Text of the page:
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Kevin Smith Explains The Real Reason You Can't Stream Or Digitally Purchase Dogma

Writer/director/podcaster/raconteur Kevin Smith has been a fixture in cinema since 1994 when his first feature, "Clerks," helped launch the indie film movement. Since then, the foul-mouthed filmmaker has managed to carve out a niche in the industry with nearly 30 years of pop culture commentary and stoner comedy, garnering him a moderately devout audience. 

Though his movies tend to be fairly harmless, there was one memorable flick that generated a lot of controversies even before its release. Because 1999's "Dogma" was a meditation on Catholicism (Smith grew up Catholic), many people were very unhappy with it. The Catholic League deemed it blasphemous without having seen it, while the more fanatical protested the movie's screenings and sent hate mail and death threats to Smith, as he revealed to the Austin Chronicle.

"Dogma" ended up being one of Smith's more high-profile films, not only because of the controversy, but because the cast was stacked with the likes of Ben Affleck, Matt Damon, Chris Rock, Salma Hayek, and Alan Rickman. Upon release, the film was fairly well-received by critics and fans, while grossing nearly $44 million worldwide against a $10 million budget (via The Numbers). Despite its accolades and publicity, "Dogma" has fallen into relative obscurity. Though plenty of DVDs can be found on eBay, the movie is currently unavailable for streaming or VOD, making it difficult to legally watch it online. So what gives?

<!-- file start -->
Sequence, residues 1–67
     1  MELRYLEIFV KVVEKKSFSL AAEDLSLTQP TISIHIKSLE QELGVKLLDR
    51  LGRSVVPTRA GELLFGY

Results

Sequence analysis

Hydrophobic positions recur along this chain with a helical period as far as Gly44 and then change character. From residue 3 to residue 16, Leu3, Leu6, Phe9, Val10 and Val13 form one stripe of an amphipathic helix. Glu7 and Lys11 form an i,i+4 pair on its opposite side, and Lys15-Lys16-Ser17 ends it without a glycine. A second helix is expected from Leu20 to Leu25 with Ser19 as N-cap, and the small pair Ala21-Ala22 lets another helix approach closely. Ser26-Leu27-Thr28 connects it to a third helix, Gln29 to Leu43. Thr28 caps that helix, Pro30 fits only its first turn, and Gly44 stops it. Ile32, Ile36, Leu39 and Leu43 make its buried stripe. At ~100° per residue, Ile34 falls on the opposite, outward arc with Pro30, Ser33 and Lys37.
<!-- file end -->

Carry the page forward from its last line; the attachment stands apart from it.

With "Clerks III" in theaters and touring around the United States, Smith has been doing a lot of press to promote the threequel. During an interview with TheWrap, author Drew Taylor asked the director about "Dogma," and Smith provided a lengthy explanation regarding his fourth film's lack of streaming availability.

Kevin Smith tried to buy the rights to Dogma back

Due to the controversy brewing even before "Dogma" was made, Miramax's parent company Disney pressured film producer and Miramax head Harvey Weinstein to halt production on it. Ignoring Disney, Weinstein allowed Smith to produce the flick. Once completed, Disney attempted to dissuade Weinstein again. Disney eventually forbade Miramax from releasing it. As a result, Weinstein personally purchased the rights to "Dogma" and released it through Lionsgate.

Moving forward, after Weinstein's conviction, Smith discovered that "Dogma" was considered for a new DVD release, meaning that Weinstein was attempting to sell the rights. Accordingly, Weinstein asked for a whopping $5 million under the guise that Smith would be involved, which was not the case, as he told lawyers in no uncertain terms that he refuses to work with Weinstein again. 

Eventually, Smith decided to purchase the rights back himself and reached out through his lawyers to make an offer, which Weinstein refused. Smith countered with a higher bid, but Weinstein refused again. Surmising that Weinstein was steadfast on his asking price, Smith relented, reasoning to TheWrap, "Look, I love 'Dogma' as much as the next guy but a) I don't have $5 million and b) that's not what the market bears anymore. We live in a streaming era." Another source would eventually inform the "Clerks" creator that Weinstein was simply unwilling to sell "Dogma" to him. With that knowledge, Smith realized that he was simply out of options. 

Smith would later lament, "What sucks is that he's also sitting his fat a** on my movie. And the right thing to do would have been to sell it back to me even if you didn't want to sell for the price that I first said. Tell us what that price is and sell me my self-expression back."